1Institut für Umweltphysik und Fernerkundung, University of Bremen, Bremen, Germany
2Institut für Umweltphysik, University of Heidelberg, Heidelberg, Germany
3Laboratoire de Physique Moléculaire et Applications (LPMA), Université Pierre et Marie Curie, Paris, France
*now at: Jet Propulsion Laboratory (JPL), California Institute of Technology, Pasadena, USA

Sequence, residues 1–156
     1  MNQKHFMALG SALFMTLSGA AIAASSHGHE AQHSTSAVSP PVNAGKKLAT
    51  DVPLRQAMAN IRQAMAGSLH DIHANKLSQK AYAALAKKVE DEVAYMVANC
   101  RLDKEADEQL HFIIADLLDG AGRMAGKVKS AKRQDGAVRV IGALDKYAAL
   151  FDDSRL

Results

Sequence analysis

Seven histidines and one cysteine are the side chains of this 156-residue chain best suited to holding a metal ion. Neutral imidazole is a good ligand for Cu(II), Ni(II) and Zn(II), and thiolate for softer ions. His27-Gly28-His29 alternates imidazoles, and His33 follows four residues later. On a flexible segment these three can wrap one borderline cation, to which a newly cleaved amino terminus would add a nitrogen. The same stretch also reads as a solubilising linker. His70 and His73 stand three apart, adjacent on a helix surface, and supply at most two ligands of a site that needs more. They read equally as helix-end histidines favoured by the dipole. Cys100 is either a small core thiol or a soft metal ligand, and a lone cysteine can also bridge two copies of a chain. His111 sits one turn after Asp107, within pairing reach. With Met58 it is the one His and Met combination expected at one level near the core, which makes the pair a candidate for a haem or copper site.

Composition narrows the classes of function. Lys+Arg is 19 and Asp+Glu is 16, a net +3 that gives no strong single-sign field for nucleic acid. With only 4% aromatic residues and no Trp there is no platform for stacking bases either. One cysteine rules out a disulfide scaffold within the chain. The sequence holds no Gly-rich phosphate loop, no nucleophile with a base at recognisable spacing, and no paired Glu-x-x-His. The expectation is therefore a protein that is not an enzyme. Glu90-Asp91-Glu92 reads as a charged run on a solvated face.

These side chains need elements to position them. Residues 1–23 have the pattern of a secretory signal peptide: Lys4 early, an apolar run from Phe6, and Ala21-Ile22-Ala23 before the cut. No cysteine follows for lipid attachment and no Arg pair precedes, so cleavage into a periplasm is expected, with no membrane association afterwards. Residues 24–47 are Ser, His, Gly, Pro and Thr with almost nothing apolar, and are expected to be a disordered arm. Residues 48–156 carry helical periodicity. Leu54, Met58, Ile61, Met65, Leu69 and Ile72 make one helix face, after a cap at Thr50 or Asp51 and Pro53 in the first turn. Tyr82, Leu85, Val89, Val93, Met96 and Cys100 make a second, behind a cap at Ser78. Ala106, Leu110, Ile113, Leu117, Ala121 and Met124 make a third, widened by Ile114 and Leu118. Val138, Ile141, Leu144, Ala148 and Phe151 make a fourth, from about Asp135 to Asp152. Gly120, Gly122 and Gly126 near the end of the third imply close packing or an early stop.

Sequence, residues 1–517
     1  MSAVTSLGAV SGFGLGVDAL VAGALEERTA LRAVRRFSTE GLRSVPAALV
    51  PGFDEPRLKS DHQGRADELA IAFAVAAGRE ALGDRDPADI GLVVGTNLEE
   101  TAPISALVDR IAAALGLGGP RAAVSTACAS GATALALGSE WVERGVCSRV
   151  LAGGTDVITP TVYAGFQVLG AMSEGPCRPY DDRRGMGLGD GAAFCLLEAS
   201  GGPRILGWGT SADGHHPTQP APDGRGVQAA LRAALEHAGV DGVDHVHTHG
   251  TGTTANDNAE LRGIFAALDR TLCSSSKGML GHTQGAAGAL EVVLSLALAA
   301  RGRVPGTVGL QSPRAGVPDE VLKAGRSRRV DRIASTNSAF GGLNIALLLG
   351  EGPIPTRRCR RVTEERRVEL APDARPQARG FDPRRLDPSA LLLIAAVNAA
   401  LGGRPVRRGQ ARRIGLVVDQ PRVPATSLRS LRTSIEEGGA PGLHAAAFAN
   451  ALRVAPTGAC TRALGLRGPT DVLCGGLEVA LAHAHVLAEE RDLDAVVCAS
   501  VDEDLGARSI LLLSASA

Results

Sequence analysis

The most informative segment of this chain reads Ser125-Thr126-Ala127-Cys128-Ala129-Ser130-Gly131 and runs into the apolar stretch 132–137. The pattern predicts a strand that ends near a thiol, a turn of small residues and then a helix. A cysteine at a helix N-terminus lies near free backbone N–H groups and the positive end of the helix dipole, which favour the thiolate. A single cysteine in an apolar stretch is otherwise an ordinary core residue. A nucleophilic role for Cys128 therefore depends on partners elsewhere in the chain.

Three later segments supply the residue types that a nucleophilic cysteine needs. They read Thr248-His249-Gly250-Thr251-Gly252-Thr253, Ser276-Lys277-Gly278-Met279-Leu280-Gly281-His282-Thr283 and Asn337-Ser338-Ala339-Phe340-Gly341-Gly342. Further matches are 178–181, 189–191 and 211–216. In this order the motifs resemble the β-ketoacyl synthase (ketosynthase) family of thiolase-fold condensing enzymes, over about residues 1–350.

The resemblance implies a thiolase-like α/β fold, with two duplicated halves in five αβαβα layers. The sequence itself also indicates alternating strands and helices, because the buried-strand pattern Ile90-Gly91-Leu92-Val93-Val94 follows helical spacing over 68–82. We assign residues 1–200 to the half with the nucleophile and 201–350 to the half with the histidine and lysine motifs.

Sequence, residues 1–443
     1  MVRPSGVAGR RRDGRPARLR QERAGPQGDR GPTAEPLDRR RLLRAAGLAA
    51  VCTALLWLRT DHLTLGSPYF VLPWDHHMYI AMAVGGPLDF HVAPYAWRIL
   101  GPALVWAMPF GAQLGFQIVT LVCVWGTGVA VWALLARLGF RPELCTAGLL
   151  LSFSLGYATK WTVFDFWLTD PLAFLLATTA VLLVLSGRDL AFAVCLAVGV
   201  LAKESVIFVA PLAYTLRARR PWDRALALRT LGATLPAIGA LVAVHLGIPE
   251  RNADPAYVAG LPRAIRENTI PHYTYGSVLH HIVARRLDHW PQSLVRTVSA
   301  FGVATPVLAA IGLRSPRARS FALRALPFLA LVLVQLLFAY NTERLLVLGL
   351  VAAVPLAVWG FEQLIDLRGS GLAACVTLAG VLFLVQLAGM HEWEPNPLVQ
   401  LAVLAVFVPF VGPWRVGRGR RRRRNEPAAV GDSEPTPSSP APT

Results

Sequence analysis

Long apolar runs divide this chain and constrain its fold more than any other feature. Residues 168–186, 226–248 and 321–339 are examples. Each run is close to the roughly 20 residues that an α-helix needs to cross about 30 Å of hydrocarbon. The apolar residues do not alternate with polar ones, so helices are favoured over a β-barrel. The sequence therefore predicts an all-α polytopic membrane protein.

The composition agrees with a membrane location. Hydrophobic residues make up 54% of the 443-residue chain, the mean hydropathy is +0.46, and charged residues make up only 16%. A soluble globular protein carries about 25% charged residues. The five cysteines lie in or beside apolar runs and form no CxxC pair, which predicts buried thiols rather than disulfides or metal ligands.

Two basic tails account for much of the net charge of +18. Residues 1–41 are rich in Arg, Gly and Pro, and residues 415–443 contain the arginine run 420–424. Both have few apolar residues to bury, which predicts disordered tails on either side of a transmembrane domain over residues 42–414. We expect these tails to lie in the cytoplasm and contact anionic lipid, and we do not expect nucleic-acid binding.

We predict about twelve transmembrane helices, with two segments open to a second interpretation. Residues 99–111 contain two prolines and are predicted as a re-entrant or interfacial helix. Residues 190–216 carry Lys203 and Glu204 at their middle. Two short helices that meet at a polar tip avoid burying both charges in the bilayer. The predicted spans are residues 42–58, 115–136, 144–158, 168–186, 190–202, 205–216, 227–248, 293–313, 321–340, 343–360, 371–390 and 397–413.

Abstract. Within the framework of the ENVISAT/-SCIAMACHY satellite validation, solar irradiance spectra are absolutely measured at moderate resolution in the UV/visible spectral range (in the UV from 316.7–418 nm and the visible from 400–652 nm at a full width half maximum resolution of 0.55 nm and 1.48 nm, respectively) from aboard the azimuth-controlled LPMA/DOAS balloon gondola at around 32 km balloon float altitude. After accounting for the atmospheric extinction due to Rayleigh scattering and gaseous absorption (O3, and NO2), the measured solar spectra are compared with previous observations. Our solar irradiance is +1.6% larger than the re-calibrated Kurucz et al. (1984) solar spectrum (Fontenla et al., 1999, called MODTRAN 3.5) in the visible spectral range (435–650 nm), +1.5% larger in the (370–415 nm) wavelength interval, but −4% smaller in the UV spectral range (316.7–370 nm), when the Kurucz spectrum is convolved to the spectral resolution of our instrument. The same comparison with the SOLSPEC solar spectrum (Thuillier et al., 1997, 1998a, b) confirms the somewhat larger solar irradiance (+1.7%) measured by the balloon instrument from 435–500 nm, but not from 500–650 nm, where the SOLSPEC is −1.3% lower than MODTRAN 3.5. Comparison of the SCIAMACHY solar spectrum from channels 1 to 4 (– re-calibrated by the University of Bremen –) with MODTRAN 3.5 indicates an agreement of +0.2% in the visible spectral range (435–585 nm). With this calibration, the SCIAMACHY solar spectrum is congruent with the balloon observations (−1%) in the 316.7–370 nm wavelength range, but both are up to −5%/−3% smaller than MODTRAN 3.5 and SOLSPEC, respectively. In agreement with findings of Skupin et al. (2002) our study emphasizes that the present ESA SCIAMACHY level 1 calibration is systematically +15% larger in the considered wavelength intervals when compared to all available other solar irradiance measurements.